For a long time, I have been using daily meditation and yoga practices to connect to the ‘real me’ — the part of me that is unchanging, the essence of my spirit, the pure consciousness that abides within. It is my hope that by continuing with these practices, where I can connect with the ‘real me’, I will be able to find that feeling when I am with others, when I am out and about in the wider world and away from the calm and peaceful surroundings of my home.

In the past, I have used my strong ego-self to thrive. I have survived an emotionally abusive upbringing, unloving and difficult relationships with men, a highly demanding and stressful corporate career and many challenging personal situations. These are all advantages of having a strong self image driven by a strong ego. I have thrived by employing and relying on my ego, rather than being transparent and showing my true nature. This has worked, but only so far. My relationships, my wellbeing, my sense of self, my contentment, what makes me feel happy and fulfilled have all suffered because of my ego. I lost myself along the way and suffered from worry, stress and anxiety.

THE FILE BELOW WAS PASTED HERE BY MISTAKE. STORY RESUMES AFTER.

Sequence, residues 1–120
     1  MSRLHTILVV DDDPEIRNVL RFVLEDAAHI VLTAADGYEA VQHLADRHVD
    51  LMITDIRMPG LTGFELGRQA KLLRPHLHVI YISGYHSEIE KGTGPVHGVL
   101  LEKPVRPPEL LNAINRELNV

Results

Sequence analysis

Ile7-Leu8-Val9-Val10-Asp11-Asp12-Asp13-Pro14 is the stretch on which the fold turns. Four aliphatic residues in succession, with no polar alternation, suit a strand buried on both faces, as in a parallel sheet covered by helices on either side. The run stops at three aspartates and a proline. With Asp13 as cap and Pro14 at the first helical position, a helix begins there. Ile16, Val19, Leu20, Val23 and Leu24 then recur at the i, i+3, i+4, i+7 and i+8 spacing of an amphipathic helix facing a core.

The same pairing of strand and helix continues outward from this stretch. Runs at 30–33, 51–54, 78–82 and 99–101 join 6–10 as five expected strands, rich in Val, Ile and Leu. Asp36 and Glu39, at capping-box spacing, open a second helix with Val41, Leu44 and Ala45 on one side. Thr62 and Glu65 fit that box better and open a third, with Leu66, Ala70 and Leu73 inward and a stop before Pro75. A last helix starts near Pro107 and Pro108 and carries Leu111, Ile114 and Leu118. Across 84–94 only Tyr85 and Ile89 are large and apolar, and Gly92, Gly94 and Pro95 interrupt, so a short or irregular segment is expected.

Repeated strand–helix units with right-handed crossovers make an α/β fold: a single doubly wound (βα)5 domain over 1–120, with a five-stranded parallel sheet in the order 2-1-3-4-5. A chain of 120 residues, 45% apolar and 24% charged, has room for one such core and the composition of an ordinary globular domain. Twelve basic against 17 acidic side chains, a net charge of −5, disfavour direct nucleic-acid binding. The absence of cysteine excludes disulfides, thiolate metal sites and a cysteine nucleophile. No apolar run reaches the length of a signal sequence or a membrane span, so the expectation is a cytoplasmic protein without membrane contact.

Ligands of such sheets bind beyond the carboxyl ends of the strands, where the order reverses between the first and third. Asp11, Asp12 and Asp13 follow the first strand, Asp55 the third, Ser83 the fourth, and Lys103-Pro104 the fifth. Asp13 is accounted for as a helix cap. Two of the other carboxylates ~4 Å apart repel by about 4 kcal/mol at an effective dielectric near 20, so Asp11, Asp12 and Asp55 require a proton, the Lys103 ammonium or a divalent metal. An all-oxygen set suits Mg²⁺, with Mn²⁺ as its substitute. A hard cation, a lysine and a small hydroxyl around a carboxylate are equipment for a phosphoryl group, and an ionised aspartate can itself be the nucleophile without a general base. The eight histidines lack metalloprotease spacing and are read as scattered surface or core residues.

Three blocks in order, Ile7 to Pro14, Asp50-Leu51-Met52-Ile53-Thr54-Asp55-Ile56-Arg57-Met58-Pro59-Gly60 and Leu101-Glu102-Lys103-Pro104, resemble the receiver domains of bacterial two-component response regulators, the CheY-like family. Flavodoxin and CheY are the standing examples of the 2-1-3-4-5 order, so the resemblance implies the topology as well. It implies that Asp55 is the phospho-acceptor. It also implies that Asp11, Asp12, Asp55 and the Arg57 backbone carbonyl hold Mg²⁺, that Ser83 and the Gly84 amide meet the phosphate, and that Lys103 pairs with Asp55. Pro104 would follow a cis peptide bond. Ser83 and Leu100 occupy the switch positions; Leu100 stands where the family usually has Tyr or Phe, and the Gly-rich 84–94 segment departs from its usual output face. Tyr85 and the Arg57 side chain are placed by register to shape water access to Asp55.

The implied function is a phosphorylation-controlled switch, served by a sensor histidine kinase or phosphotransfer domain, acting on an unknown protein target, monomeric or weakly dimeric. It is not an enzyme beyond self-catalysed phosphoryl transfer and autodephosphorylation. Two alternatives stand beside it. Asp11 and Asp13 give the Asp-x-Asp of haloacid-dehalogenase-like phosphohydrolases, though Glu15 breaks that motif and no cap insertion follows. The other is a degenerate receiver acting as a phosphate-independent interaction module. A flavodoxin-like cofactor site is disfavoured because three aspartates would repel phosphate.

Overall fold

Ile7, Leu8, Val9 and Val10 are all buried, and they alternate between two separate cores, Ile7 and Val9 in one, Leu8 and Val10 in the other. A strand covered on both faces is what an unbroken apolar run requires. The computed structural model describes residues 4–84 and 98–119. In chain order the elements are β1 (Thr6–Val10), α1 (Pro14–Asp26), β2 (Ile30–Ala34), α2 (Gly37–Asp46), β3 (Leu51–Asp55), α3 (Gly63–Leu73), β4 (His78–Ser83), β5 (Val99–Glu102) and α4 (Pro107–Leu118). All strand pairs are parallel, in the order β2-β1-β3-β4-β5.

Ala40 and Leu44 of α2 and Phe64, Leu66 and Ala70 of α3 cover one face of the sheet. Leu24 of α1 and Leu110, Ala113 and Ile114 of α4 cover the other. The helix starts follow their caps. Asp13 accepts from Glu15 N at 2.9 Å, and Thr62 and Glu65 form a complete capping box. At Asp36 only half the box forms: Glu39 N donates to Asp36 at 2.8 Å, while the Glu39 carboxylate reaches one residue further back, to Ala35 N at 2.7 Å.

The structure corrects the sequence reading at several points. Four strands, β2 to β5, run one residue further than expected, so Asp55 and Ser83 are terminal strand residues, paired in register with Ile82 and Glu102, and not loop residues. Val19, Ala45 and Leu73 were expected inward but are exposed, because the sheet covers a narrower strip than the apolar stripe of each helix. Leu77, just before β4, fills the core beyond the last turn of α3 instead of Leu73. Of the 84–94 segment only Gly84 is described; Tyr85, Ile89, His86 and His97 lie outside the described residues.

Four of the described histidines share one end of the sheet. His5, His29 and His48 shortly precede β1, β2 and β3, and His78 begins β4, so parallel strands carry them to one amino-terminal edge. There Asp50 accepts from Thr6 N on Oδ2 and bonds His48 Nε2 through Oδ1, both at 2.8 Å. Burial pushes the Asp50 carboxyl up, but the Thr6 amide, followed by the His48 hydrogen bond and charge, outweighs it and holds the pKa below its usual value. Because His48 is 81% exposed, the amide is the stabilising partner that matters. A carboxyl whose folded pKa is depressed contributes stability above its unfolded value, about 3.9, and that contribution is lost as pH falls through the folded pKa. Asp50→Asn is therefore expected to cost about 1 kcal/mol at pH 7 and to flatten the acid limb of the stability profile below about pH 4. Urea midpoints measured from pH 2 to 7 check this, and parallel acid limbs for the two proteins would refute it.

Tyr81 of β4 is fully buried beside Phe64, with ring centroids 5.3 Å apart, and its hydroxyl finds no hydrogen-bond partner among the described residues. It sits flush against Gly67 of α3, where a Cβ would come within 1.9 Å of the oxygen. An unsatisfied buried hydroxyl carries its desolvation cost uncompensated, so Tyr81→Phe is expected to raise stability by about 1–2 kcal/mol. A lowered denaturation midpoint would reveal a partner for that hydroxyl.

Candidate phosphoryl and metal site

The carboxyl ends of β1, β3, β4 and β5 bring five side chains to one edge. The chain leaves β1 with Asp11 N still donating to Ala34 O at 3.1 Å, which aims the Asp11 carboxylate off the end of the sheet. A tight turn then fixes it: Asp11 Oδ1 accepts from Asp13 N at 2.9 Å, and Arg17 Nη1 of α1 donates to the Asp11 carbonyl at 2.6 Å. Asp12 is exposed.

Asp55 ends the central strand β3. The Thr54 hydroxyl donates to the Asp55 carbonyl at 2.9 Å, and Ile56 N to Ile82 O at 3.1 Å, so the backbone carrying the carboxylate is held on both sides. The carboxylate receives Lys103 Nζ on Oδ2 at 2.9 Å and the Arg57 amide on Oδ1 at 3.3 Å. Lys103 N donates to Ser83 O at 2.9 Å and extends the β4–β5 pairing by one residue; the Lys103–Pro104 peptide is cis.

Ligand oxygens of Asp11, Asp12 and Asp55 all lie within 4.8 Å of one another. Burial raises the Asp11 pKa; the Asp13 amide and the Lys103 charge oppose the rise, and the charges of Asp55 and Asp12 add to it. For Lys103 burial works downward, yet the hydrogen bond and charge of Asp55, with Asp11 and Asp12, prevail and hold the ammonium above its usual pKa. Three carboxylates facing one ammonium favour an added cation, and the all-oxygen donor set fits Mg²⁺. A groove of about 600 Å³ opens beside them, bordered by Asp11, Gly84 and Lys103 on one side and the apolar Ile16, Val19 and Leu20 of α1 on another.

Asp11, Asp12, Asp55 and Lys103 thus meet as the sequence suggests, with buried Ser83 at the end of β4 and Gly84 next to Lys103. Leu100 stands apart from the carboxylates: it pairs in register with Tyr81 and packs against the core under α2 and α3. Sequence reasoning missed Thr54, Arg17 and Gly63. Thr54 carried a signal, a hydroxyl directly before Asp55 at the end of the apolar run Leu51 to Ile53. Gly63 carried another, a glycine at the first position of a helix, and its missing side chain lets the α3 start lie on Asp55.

A strong ego has many pitfalls and disadvantages. The negative side of the ego manifests as arrogance, pride, vanity, judgements, and prejudices. In the more extreme cases, it emerges as the need to control, the lust for power, fanaticism, or an obsession with materialism. I regret to say, in the past, I have often fallen foul of these unloving qualities and still do, if I am not careful.

So, I have been spending time in awareness of my ego and watching it like a hawk. If I catch it taking over, displaying those parts of me that are not the ‘real me’, I take action and come back to my heart, the centre of who I really am.

The more I meditate, the more I use my breath to connect to my centre during my physical yoga practices, the more I can let go of my ego and just be, knowing I am enough.